Here is a discussion point regarding "worship" within the modern day church. I am of the opinion that worship is only possible by those who are in right relationship with God. In otherwords, sinners/non-beleivers are incapable of worshipping God. I have had worship ministers debate this issue with me saying that it is indeed possible for sinners to worship God. But according to scripture I think it's pretty clear that a person must have a right heart to truly worship God. After reading Isaiah 1 I get the real clear sense that God does not tolerate worship unless it is done by those who have a clean heart. He will not be mocked.

Therefore if worship is designed and is only possible to be conducted by thse who are truly saved, then why do churches so often orchestrate their services and worship to be appealling to what men desire rather than what God desires. I think all too often worship leaders set up worship services with the mindset "I wonder how people will feel or react to this", rather than "will this be pleasing and honorable in God's eyes?"

This brings me back to the question of what is the modern day churches purposes or intent with its worship service?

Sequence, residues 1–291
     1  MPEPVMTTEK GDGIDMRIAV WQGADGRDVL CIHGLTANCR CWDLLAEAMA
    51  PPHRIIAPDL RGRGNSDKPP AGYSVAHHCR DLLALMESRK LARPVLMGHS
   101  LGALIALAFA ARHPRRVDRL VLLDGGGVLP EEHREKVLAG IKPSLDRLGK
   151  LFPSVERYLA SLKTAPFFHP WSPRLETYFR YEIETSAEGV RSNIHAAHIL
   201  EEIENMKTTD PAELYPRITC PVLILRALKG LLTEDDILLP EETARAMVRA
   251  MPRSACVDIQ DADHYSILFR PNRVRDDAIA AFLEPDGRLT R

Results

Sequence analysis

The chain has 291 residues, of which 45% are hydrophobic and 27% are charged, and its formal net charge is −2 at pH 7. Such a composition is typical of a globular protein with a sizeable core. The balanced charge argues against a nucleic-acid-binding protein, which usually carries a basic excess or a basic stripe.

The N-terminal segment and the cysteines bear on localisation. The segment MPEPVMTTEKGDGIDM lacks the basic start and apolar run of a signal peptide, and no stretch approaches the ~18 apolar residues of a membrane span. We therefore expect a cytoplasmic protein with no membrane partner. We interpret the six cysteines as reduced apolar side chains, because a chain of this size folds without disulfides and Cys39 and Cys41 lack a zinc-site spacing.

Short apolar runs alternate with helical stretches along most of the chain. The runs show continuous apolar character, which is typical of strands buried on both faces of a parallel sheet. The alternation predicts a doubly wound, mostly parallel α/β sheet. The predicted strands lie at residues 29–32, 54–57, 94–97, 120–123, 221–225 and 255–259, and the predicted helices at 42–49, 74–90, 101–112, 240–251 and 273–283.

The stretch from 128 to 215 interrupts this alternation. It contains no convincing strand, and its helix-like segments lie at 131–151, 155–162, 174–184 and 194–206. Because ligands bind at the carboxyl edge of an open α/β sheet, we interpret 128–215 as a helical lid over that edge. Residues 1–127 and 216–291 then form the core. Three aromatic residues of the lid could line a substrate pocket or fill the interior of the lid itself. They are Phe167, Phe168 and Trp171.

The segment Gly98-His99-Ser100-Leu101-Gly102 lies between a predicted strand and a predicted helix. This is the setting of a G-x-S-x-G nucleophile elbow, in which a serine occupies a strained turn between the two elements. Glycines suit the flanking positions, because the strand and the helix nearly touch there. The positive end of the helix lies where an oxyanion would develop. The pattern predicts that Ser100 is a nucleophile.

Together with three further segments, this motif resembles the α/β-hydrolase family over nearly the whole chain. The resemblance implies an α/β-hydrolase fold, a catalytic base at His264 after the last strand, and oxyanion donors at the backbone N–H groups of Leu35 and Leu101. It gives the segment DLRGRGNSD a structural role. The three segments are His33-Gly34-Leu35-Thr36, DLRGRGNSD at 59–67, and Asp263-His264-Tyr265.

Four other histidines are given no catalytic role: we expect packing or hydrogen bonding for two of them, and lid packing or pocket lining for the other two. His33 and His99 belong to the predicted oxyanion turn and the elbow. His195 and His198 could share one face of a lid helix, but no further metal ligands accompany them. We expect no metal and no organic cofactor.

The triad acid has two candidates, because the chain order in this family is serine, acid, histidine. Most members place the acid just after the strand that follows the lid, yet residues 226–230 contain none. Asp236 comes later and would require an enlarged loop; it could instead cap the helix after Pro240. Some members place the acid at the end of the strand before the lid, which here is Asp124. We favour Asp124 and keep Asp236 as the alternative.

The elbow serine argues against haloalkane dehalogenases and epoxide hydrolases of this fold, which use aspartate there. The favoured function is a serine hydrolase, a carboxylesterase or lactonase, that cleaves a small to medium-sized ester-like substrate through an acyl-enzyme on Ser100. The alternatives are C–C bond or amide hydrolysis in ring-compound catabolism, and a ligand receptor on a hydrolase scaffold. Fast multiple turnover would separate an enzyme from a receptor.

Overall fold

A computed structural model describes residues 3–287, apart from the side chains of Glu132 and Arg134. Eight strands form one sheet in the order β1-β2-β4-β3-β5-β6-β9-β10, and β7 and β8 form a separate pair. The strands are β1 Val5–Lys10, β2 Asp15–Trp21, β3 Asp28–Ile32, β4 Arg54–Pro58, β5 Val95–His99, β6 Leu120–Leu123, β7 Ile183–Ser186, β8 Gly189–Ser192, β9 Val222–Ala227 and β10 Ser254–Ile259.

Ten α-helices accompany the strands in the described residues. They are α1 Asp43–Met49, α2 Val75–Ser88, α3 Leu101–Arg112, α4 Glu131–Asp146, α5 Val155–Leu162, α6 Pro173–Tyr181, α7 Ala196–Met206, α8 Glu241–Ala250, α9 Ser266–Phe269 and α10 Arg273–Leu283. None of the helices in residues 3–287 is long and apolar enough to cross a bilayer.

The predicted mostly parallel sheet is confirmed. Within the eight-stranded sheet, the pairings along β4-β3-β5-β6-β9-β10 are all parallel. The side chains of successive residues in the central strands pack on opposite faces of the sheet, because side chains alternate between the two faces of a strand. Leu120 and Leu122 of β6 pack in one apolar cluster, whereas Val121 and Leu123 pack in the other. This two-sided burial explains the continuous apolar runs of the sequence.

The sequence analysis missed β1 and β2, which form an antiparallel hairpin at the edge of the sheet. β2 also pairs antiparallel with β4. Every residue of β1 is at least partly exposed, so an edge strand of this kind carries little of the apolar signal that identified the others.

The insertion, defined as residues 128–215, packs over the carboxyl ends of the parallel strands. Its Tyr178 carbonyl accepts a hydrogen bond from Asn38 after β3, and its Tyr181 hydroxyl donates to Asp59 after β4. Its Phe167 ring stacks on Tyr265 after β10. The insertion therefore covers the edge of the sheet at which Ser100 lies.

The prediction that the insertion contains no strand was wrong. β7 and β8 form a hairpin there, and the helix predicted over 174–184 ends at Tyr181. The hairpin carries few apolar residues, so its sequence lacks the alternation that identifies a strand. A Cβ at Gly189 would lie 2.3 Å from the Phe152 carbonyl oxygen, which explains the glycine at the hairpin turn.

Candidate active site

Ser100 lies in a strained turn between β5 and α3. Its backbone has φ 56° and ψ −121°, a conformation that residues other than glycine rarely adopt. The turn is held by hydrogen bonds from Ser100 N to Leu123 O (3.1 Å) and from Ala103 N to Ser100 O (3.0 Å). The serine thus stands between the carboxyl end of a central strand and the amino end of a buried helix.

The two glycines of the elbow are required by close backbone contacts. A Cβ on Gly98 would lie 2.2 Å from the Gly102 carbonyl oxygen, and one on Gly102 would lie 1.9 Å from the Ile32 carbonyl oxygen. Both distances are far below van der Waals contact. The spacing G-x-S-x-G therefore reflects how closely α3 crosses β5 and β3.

Dean Lusk said...

All of the things mentioned here are at issue!

I believe that, while the tide is changing and some churches are hungry to begin living Biblically, the standard method of operations is not for a church fellowship to say, "What are we doing here, and WHY do we have 'services' on Sunday? Who comes to them and why? What's the purpose of the meeting? Are we doing it Biblically? Are we not?"

The standard thing to do is to "do church." Just do it -- the Bible must say something about it. I mean, hey, we've been doing it for as long as I can remember! Sunday morning worship services included. Why is it taboo to step back and say, "What are we doing here?"

If we actually asked questions, then we might be able to get to those things Cecily talked about -- I believe she asks many of the right questions where our activities are concerned.

Preston said, "I am of the opinion that worship is only possible by those who are in right relationship with God." I'm not sure that's even debatable, is it?? At the very worst, worship is only conceivably possible by those who know God to begin with. And just knowing Him doesn't even come close to worshipping Him.

I hope that I've communicated my thoughts well here.

Dean Lusk said...

My second paragraph above is probably confusing. I meant it to be a bit sarcastic, with the last sentence breaking the sarcasm.

And I have to say that after re-reading the comment, it's probably the most fragmented set of thoughts I've ever typed.

At least I didn't combine any quotes in italics with my regular paragraphs like the dumb ol' second commenter did up there... :-)

(Heh heh... Kind of funny -- Cecily is a superfectionist, and I know that's gotta be annoying!)

Cecily said...

Hey, now... I resemble that remark!

(Yes, it bugged me. Note that I had to add another comment to explain what had happened.)

Leroy said...

Ha, ha, ha! I see it for the levity and the truthfulness it is.